Personal locator beacons are designed to send out a distress signal to a worldwide search and rescue network when activated. These are excellent for hikers, hunters, boaters, and other outdoor enthusiasts who spend a lot of time in the wild.
These devices provide Search and Rescue teams with your exact location through GPS data or triangulation calculations from satellite signals, which are provided to local authorities closest to where you are.
Keep reading for the best personal locator beacons for surviving extreme situations, including a guide to help you choose the best PLB for your needs.
Our Top Picks
ACR ResQLink View
McMurdo FastFind 220
Best Combination Option
Ocean Signal Rescue ME EPIRB1
The ACR ResQLink View 425 personal locator beacon’s only function is to send out a distress signal using GPS location services as well as 406 MHz and 121.5 MHz homing capabilities.
This buoyant beacon features an LED strobe and an infrared strobe with a multi-function clip that allows you to keep the device on your person at all times. You can expect this device to work for five years without a subscription.
Each of these personal locator beacons is programmed to send a unique digital code called a HEX ID or Unique ID. The HEX ID identifies the type of beacon as well as the person it is registered to and their emergency contacts.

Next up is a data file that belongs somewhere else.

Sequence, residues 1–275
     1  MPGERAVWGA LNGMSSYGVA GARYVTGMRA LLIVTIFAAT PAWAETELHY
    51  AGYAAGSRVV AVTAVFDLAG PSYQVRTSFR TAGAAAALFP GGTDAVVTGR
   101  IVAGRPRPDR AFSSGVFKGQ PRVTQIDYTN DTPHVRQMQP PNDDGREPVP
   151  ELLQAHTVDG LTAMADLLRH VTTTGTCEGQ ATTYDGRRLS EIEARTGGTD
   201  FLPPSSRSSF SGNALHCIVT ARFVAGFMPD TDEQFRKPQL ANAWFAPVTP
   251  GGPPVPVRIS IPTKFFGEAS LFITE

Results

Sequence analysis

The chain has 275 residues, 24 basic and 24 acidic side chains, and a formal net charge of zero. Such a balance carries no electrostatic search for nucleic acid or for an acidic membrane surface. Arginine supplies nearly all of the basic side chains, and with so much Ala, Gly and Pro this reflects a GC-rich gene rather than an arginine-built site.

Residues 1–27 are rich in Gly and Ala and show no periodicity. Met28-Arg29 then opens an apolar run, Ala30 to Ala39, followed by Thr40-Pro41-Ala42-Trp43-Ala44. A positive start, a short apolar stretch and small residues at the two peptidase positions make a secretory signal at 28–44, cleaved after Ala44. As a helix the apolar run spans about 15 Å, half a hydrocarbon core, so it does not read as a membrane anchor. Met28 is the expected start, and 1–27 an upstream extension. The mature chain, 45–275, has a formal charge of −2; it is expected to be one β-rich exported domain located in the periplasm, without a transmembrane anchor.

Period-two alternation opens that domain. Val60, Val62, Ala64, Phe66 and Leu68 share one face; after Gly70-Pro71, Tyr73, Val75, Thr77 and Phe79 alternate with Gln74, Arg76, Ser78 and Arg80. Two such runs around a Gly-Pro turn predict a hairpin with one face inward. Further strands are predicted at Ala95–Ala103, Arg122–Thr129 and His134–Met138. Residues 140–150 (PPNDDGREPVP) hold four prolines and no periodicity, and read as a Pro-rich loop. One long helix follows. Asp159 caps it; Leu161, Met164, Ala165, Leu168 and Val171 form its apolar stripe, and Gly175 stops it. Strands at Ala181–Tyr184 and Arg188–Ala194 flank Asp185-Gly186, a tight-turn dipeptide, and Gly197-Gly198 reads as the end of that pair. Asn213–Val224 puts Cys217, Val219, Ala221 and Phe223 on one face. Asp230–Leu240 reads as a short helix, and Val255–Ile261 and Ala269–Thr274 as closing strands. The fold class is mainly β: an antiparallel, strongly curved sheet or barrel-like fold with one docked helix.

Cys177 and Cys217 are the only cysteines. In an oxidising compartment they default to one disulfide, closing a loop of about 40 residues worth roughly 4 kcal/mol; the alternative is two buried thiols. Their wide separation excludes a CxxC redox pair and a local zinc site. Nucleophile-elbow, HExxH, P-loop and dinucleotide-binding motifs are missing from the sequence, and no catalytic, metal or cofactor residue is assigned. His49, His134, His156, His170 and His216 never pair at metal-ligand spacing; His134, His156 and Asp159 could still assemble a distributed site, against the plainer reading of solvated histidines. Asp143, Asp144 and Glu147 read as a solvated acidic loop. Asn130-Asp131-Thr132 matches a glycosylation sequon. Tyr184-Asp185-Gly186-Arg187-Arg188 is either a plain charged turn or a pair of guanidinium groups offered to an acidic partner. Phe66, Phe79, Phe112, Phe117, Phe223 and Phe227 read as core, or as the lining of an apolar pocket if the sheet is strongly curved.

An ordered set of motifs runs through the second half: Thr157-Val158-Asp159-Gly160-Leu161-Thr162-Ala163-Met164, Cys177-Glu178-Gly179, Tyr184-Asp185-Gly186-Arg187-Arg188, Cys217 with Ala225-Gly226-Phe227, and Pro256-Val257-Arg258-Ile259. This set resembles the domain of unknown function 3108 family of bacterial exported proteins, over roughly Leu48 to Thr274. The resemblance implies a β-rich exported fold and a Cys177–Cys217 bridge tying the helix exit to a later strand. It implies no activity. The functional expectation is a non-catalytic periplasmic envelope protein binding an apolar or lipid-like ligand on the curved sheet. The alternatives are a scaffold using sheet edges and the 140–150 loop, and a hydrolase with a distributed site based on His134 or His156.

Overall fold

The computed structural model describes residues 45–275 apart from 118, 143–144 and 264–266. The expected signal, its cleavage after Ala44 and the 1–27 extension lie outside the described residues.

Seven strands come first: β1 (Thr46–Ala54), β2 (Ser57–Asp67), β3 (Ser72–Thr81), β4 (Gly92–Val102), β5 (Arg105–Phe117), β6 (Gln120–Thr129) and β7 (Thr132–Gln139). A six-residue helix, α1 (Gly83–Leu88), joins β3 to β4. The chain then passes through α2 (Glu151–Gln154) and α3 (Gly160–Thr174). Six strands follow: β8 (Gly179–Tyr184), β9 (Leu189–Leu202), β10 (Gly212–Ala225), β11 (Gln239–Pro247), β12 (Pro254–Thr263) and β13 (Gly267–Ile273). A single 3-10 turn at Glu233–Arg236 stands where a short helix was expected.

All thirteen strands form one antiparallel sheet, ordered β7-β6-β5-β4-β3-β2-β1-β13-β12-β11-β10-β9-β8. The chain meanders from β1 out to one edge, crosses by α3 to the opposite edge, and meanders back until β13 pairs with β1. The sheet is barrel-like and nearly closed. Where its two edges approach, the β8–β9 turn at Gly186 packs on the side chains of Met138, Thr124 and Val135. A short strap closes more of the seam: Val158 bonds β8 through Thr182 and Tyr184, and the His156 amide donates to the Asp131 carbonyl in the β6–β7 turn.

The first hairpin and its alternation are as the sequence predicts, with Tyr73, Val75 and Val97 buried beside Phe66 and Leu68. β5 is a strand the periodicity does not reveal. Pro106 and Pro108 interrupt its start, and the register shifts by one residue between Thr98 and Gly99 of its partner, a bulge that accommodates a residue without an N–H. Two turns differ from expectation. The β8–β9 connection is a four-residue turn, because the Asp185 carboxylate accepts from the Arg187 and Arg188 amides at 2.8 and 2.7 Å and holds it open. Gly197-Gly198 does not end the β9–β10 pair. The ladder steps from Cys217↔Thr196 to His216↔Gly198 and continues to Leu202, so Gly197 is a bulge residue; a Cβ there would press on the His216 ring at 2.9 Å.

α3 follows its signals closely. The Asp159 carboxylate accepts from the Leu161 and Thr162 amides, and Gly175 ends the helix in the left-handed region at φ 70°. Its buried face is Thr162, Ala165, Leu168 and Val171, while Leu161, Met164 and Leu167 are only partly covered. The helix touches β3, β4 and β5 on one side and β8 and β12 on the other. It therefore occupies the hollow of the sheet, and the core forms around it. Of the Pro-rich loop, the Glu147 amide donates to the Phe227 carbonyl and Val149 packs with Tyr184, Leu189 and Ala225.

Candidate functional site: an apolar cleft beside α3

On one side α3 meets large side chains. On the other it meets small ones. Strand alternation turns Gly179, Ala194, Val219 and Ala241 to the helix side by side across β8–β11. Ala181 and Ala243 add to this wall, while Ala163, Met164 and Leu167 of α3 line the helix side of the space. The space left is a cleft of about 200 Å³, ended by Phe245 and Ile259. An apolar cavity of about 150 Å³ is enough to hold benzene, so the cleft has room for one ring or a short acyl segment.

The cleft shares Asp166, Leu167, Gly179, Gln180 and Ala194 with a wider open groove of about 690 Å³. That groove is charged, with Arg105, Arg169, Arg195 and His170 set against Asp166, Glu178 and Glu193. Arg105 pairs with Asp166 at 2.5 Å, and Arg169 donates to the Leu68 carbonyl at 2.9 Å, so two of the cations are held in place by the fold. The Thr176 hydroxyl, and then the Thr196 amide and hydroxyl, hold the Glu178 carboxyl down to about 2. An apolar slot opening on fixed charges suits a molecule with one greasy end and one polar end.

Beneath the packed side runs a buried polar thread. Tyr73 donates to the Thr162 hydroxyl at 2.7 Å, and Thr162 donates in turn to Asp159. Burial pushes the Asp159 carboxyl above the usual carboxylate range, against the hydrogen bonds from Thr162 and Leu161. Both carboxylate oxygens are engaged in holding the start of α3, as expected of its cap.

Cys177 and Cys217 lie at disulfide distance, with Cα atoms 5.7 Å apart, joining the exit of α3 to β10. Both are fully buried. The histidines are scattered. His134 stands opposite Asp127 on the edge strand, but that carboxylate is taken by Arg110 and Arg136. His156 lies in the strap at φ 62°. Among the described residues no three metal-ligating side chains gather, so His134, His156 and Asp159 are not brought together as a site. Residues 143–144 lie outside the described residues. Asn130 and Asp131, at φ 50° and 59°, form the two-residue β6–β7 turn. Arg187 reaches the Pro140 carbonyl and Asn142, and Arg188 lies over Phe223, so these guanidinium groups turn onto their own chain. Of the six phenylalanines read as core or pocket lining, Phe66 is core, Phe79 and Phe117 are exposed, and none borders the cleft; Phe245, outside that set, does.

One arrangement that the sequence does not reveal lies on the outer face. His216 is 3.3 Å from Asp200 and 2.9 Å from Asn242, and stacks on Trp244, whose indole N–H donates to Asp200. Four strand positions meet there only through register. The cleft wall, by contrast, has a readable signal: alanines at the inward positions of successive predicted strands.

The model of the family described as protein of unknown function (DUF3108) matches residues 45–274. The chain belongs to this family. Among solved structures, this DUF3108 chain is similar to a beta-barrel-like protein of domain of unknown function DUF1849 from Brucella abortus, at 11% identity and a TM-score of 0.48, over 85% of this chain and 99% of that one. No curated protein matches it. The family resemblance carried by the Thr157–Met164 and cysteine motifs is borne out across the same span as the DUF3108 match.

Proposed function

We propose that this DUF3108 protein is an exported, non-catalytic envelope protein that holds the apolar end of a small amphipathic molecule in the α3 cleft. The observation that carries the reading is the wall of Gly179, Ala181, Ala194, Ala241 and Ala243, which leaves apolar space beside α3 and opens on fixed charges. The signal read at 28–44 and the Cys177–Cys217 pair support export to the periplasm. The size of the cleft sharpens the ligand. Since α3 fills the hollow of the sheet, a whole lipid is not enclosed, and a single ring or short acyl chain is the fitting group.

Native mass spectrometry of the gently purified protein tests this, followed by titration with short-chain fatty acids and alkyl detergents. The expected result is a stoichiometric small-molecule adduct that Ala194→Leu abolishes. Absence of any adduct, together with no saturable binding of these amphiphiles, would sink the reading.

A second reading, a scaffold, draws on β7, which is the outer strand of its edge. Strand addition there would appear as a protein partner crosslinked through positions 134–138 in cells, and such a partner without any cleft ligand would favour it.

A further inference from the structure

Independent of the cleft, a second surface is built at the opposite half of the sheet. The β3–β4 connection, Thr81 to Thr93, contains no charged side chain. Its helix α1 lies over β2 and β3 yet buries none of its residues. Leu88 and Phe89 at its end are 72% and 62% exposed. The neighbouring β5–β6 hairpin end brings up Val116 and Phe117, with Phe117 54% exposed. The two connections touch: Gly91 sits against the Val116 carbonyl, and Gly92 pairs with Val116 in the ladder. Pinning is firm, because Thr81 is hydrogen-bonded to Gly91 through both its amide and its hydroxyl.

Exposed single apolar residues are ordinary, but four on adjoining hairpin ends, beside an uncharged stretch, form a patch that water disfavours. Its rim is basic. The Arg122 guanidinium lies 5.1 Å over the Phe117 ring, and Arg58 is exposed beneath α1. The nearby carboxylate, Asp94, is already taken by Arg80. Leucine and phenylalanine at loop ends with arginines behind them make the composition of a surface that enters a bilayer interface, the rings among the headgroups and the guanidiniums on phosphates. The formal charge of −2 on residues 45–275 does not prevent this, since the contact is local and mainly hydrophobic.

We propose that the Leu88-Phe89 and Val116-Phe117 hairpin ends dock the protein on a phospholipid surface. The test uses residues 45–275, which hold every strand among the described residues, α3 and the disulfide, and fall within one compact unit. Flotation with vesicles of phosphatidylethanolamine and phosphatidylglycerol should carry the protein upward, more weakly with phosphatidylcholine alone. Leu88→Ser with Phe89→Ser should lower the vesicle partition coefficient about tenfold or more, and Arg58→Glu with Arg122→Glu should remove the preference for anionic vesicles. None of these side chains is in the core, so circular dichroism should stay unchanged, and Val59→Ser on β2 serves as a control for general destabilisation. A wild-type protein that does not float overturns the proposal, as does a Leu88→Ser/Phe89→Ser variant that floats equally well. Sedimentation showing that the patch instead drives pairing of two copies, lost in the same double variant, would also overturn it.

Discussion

This PLB is excellent for anyone who spends a lot of time outdoors, like hikers, bikers, campers, and boaters, because it’s small, lightweight, and easy to carry.
- No subscription is required with this PLB.
- 5-year battery life.
- Lightweight and buoyant design.
- No satellite messaging capabilities.
- This device requires a factory battery replacement after five years.
- A bit pricey.
Best Budget Option
The McMurdo FastFind 220 personal locator beacon features a 121.5 MHz secondary homing transmitter and a flashing SOS light that can be used to attract attention. The transmitter allows Search and Rescue teams to find your exact location.
This handheld, waterproof beacon features a lithium power cell that offers a minimum 24-hour continuous operation with a 6-year battery storage life without a subscription.
Once you activate the distress call the built-in GPS will determine your location within a few meters and utilize a powerful 406 MHz signal to relay the distress call to orbiting satellites. These satellites then communicate directly with local authorities to deploy Search and Rescue teams.
- 6-year battery life.
- Excellent PLB on a budget.
- Easy to activate.
- Some customers find registration a bit challenging.
Best Deluxe Option
The Ocean Signal Rescue ME EPIRB1 personal locator beacon operates on the 406 MHz frequency, with each beacon sending a unique digital code that identifies the type of beacon as well as who it is registered to.
This beacon’s GPS data continuously updates the Search and Rescue team of your exact location, with the 121.5 MHz homing signal providing a direct path to your location. Featuring a retractable antenna to protect it during drops and other rough treatments, this PLB provides the user with peace of mind when exploring the wilderness.
After activation, satellites receive a beacon emergency distress signal which relays the signal to local user terminals (LUT), which then compute the location of the beacon and forward it automatically to the respective Mission Control Center (MCC). Next, the MCC reviews alerts and works with the appropriate authorities to launch a rescue team to locate the distressed party.